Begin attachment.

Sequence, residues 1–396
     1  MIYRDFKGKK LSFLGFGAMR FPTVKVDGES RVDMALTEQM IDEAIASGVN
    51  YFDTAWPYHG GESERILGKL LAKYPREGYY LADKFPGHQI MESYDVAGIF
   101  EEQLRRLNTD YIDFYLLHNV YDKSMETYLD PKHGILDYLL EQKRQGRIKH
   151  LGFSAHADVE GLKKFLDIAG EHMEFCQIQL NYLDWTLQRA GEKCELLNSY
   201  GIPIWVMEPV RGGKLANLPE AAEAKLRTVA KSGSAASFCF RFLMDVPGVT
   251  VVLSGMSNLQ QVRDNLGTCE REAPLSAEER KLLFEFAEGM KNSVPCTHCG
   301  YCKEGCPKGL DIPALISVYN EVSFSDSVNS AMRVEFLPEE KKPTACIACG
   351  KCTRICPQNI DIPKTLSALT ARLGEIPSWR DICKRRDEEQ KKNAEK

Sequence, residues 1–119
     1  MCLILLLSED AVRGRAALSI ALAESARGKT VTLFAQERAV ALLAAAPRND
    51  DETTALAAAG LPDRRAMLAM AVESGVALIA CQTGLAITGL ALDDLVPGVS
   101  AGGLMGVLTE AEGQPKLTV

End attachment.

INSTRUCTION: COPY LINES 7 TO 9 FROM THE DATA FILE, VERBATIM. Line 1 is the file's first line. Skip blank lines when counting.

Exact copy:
   251  VVLSGMSNLQ QVRDNLGTCE REAPLSAEER KLLFEFAEGM KNSVPCTHCG
   301  YCKEGCPKGL DIPALISVYN EVSFSDSVNS AMRVEFLPEE KKPTACIACG
   351  KCTRICPQNI DIPKTLSALT ARLGEIPSWR DICKRRDEEQ KKNAEK